Electric vehicle startup Karma Automotive has fully revealed its newest hybrid car, the GS-6. While it shares the same design as the company’s ultra-luxury sedan, the Revero GT, Karma is pricing the GS-6 at nearly half the price — $83,900 — in a bid to reach a much wider set of customers.
Karma says it’s able to do that because it plans to make more cars at its California production plant, is making them more efficiently, and has streamlined its supply chain, according director of public relations Jeff Holland. “It helps that our parent company also owns our battery supplier A123 Systems, but over the past few years we have also seen a substantial reduction in the cost of lithium ion batteries and other EV-related components including other items such as motors and generators,” Holland told said in an email.
If the new car is successful, Karma could finally realize its goal of becoming a small-volume manufacturer just in time to capitalize on a new wave of optimism (and funding) in the electric vehicle space.
The path to that goal has been difficult so far for Karma. The startup was born in 2014 when Chinese automotive conglomerate Wanxiang Group bought a bulk of the assets of Fisker Automotive following that company’s bankruptcy. Wanxiang named the new startup after the Fisker Karma, the defunct company’s failed hybrid sports car, and ultimately revived that vehicle as the Revero. (Henrik Fisker, who founded Fisker Automotive, now has a new company called Fisker Inc. that is also working on electric vehicles.)
Karma has spent the last few years selling a small number of Revero hybrids for nearly $150,000 while struggling to really get on its feet as Wanxiang allegedly waffled on fully backing the startup, as Jalopnik’s Jason Torchinsky has reported. The startup has been accused of making prototypes that are basically just “movie props,” and may have even considered filing for Chapter 11 bankruptcy protection last year. (Karma has denied both claims.) Karma has also laid off more than one hundred employees over the last two years and took a PPP loan of more than $5 million from the government in 2020.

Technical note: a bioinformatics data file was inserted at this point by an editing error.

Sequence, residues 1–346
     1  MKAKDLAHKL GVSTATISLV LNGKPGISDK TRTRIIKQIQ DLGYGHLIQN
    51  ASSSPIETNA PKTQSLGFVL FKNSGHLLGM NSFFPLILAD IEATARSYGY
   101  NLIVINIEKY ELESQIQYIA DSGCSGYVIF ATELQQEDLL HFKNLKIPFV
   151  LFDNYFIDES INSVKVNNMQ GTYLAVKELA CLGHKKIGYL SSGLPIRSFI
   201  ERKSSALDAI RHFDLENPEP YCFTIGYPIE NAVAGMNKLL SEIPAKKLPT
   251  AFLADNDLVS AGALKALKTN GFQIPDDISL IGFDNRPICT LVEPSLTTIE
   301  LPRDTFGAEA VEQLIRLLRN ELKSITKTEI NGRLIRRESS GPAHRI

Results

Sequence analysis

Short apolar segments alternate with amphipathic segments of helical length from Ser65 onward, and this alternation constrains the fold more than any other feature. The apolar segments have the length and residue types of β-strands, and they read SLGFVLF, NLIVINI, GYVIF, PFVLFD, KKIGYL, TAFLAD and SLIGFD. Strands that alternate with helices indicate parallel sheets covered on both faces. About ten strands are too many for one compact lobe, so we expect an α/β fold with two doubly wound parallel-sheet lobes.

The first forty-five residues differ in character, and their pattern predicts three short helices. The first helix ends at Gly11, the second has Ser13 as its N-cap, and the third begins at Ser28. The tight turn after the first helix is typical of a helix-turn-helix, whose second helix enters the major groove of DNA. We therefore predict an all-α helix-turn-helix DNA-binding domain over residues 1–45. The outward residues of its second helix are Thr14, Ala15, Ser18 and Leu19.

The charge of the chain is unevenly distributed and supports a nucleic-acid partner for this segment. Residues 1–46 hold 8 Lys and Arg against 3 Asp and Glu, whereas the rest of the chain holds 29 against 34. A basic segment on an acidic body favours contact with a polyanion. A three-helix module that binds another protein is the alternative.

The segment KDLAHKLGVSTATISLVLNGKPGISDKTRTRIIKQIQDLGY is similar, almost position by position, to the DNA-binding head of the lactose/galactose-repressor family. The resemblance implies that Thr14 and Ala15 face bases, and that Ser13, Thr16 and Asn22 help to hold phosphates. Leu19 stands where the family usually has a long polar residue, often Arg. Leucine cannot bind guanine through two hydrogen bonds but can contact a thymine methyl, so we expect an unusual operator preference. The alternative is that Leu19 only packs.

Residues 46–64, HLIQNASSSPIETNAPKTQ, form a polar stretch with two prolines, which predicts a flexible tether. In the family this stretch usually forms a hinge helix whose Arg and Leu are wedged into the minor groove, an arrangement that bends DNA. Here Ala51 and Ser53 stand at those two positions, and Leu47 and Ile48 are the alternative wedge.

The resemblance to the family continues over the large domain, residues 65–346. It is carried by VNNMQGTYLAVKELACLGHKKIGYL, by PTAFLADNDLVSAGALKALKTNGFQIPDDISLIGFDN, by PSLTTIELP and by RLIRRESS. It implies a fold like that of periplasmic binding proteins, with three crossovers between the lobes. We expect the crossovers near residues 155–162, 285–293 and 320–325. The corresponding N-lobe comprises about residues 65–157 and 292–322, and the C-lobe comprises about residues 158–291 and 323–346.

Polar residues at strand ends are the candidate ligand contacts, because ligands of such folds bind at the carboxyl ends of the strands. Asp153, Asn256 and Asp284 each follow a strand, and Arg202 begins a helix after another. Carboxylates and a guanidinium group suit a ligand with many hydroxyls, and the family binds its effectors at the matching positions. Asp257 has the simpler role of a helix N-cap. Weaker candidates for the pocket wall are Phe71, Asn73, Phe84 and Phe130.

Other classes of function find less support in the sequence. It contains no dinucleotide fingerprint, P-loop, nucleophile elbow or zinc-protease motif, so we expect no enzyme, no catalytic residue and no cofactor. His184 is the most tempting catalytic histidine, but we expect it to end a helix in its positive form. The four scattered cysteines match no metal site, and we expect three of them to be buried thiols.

The GS-6 is meant to help lift Karma out of that turmoil by appealing to a potentially much bigger group of buyers. It’s powered by a BMW-sourced, turbocharged three-cylinder engine and two electric motors that, altogether, generate a total of about 536 horsepower — the same powertrain found in the Revero. A 28kWh battery pack allows for up to 80 miles of driving on electricity alone.
The interior features a touchscreen in the center of the dashboard, which is compatible with Apple CarPlay and Android Auto, as well as a digital instrument cluster for the driver. Karma says it’s sourcing a lot of sustainable materials for the trim and the seats, too, in an attempt to appeal to more conscientious buyers. Karma will sell a Sport and a Luxury trim of the GS-6, and an all-electric version (dubbed GSe-6) is due out later starting at $79,900.
“We are not selling PowerPoints anymore, we’re selling real cars,” Joost de Vries, Karma’s vice president of global sales, said on a conference call with reporters last week. de Vries explained that Karma hopes to target younger buyers with the lower price point, and more of them, too, with a total production capacity of 15,000 cars per year at the California factory. That said, de Vries was quick to point out that the startup has retained many of its older, existing customers whose Revero leases have expired. Karma is “starting to really feel like a more complete auto manufacturer here in the US,” he said.
While Karma has spent time and money developing autonomous technology (it even created an allegedly self-driving van last year), de Vries said that’s not expected to come to the startup’s passenger vehicles any time soon. The GS-6 lineup will have optional driver assistance features like adaptive cruise control and lane keeping, but nothing more. “We’re not seeing anything in our near future on level three or level four,” de Vries said, referring to the Society of Automotive Engineers’ designations for hands-free driving and fully driverless capability within a certain area, respectively. “It’s on the roadmap, but I think we still want to wait another decade or so before the legislative problems have been resolved, and our customers are really not asking for it.”
Karma has a hand in a lot of other advanced technologies, too. The startup has shared that it’s working on a way to use methanol and hydrogen fuel cells to power future electric vehicles. It also hopes to sell the technological platform that powers its cars to other automakers. An SUV is in the works, too.
To fund all of this, Karma announced last July that it had raised a fresh $100 million. That announcement came at the beginning of a wave of electric vehicle companies going public by merging with special purpose acquisition companies (including Fisker Inc.). But so far, Karma remains private. “Our management team is exploring all avenues for a larger financing with investment bankers. And of course, IPO has always been an aspiration for Karma when it is public company ready, but for now the key focus is on growing our business,” a spokesperson said at the time.